The humble Substack

Graham Samuel livfoss at
Mon Nov 18 04:24:25 EST 2013

Hi Cal

Can you explain your question a bit further? As far as I know (and I am NOT one of those reading the code of the LC engine), stacks and substacks in the same file, say xxx.livecode, have the same status. I think the developer can consider that the original format of both stacks and substacks persists in some way, even though they may be tokenized or otherwise made ready for execution. As I envisage it, this is not compilation in the sense of earlier-generation languages - I mean nothing ends up as binary code to be directly executed by the platform the program is running on. One consequence of this not-completely-compiled approach is that the actual text of scripts is still accessible: because of this, not only to "do" statements work, having the form

do <some script text, which can be constructed on the fly>

but also other forms of construction are permissible, such as constructing a variable name and then doing something with that variable, again on the fly.

Where I don't understand what you are asking is what your intention is with respect to substacks. There is a common model used in constructing apps in the LiveCode world where the only pre-compiled part is an opening stack (the "splash"), which then invokes other stacks, which themselves have never been pre-compiled at all in the sense of being made into standalones. One advantage of this is that it gets around the prevention of self-modifying programs of all modern OSs. A non-compiled stack used in this way is not seen as a program (standalone) by the OS and can therefore contain data and states which can be saved during the execution of the program. I use that model a lot myself - works a treat.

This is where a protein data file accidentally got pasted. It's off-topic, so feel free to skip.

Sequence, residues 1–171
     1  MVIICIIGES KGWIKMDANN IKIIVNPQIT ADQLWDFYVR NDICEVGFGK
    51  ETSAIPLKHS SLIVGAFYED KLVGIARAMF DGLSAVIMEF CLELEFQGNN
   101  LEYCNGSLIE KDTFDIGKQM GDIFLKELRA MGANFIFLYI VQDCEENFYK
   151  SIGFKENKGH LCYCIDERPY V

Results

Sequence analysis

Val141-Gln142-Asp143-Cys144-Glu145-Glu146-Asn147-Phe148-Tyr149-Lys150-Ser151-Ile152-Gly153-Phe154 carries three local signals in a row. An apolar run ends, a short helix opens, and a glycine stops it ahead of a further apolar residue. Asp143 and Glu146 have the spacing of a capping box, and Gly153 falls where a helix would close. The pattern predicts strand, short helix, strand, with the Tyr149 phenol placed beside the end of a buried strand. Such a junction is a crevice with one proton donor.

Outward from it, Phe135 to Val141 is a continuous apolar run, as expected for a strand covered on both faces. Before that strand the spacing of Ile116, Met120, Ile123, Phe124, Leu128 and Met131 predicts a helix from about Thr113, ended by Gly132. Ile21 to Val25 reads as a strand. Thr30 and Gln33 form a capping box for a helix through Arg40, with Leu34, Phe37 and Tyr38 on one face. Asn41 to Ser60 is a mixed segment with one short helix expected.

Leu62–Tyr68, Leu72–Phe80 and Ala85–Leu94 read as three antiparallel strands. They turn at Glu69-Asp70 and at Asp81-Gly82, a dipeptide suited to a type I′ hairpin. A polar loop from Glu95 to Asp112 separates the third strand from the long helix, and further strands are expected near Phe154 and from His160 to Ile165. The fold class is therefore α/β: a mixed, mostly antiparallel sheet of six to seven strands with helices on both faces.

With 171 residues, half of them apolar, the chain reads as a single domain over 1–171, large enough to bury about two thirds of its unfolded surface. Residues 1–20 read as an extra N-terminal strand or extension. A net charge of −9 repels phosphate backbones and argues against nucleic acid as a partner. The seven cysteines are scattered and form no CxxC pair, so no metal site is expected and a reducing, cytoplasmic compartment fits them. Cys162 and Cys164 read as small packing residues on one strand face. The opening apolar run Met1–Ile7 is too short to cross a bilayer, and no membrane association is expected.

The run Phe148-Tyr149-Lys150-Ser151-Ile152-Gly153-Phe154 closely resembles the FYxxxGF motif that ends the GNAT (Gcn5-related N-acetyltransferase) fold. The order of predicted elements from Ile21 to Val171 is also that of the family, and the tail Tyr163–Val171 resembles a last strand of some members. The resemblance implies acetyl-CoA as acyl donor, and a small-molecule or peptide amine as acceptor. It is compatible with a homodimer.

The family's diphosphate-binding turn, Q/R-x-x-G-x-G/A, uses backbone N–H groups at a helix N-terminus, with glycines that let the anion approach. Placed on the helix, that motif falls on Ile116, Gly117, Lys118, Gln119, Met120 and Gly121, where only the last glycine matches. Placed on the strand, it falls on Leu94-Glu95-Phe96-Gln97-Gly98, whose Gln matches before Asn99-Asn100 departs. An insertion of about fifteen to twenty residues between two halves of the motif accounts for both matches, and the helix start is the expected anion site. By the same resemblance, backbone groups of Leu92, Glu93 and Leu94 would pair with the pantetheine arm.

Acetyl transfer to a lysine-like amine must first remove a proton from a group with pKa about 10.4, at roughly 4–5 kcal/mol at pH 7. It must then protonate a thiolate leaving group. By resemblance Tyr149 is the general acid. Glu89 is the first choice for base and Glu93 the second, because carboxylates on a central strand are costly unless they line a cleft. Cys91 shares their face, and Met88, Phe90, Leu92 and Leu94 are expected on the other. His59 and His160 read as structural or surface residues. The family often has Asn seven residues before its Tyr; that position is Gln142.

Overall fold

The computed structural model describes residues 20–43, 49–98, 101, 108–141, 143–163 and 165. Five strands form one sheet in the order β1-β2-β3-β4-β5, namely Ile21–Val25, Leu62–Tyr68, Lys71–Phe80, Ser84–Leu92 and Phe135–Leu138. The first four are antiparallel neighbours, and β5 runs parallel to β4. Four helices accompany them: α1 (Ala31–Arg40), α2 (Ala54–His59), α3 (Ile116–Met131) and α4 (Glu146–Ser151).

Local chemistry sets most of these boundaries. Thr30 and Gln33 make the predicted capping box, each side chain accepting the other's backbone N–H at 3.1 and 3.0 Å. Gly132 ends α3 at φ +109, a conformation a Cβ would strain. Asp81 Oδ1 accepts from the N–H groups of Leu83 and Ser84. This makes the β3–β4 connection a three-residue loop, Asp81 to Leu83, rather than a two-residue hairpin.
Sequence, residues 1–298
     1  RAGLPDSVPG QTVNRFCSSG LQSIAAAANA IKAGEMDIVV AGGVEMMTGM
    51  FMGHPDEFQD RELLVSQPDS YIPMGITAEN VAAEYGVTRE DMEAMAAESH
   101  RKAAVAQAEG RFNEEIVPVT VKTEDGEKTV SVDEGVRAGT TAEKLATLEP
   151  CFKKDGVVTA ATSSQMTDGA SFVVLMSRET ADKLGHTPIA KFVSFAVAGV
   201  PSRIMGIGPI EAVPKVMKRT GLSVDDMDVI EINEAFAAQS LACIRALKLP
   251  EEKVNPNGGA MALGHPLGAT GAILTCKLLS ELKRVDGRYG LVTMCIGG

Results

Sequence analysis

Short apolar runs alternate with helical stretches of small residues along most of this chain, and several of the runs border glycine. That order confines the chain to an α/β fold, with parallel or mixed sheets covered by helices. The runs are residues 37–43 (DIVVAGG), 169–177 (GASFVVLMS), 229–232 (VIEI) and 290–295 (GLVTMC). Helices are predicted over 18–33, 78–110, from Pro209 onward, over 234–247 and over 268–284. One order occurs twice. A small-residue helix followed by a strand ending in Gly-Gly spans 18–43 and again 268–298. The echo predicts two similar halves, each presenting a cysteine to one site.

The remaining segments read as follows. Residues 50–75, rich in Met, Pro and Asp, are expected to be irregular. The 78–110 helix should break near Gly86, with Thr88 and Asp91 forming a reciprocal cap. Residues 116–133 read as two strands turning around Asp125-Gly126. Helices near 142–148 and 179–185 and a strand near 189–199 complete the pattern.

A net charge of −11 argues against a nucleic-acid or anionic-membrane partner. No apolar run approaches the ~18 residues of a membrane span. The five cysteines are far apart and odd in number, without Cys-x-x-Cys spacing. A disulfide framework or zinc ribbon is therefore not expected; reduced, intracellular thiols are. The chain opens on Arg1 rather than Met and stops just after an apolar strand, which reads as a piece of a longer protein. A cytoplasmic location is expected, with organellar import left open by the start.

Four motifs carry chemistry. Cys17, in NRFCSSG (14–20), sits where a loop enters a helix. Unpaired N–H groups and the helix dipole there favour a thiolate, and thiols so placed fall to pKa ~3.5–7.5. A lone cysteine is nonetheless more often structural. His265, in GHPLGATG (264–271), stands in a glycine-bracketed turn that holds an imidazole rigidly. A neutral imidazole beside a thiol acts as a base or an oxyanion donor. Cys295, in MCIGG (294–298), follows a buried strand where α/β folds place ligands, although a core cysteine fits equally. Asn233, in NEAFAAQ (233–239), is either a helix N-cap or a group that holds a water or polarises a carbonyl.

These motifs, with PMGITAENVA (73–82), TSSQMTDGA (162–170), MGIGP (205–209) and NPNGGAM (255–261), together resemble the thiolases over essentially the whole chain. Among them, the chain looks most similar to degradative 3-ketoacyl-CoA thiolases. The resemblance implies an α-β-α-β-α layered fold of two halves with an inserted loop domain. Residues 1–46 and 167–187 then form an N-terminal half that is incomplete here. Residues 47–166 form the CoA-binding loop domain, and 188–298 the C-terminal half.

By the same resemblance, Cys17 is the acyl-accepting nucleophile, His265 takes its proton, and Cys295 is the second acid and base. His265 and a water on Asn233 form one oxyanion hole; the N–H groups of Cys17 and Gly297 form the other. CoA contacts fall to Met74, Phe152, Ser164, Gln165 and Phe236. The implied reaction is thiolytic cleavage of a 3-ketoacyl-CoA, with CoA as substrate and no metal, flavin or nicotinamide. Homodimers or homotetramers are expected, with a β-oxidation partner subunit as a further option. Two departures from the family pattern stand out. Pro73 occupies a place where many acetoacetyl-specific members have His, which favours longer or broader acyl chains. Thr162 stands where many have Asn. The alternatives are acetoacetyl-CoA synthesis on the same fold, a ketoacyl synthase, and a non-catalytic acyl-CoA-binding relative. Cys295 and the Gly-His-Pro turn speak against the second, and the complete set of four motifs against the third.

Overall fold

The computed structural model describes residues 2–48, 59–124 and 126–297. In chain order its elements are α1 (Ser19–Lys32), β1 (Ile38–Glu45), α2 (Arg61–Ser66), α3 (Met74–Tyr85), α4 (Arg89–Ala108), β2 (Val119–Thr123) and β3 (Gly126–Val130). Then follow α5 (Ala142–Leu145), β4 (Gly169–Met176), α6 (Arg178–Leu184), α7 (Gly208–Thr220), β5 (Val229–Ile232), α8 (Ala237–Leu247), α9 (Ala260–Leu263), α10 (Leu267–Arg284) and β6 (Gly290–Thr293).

It would be interesting to hear what you're trying to do.


On 18 Nov 2013, at 01:55, Cal Horner wrote:

> Here is another gap in my education, that I am trying to fill.
> When a combination mainstack/substack(s) application is compiled into a
> standalone, how much of substack is  converted from an interpreted
> environment into a compiled application?
> The Mainstack/substack combination that has been developed is used only as
> windows for the application. Either to display calculated results or if the
> data has been keyed into the data-entry windows is put into a database.
> It just seems that what I've been able to glean from assorted books and
> sites this information has been left out. Or, perhaps I've just missed the
> simple explanation. 
> If anyone knows the answer I would appreciate a sharing of the knowledge.
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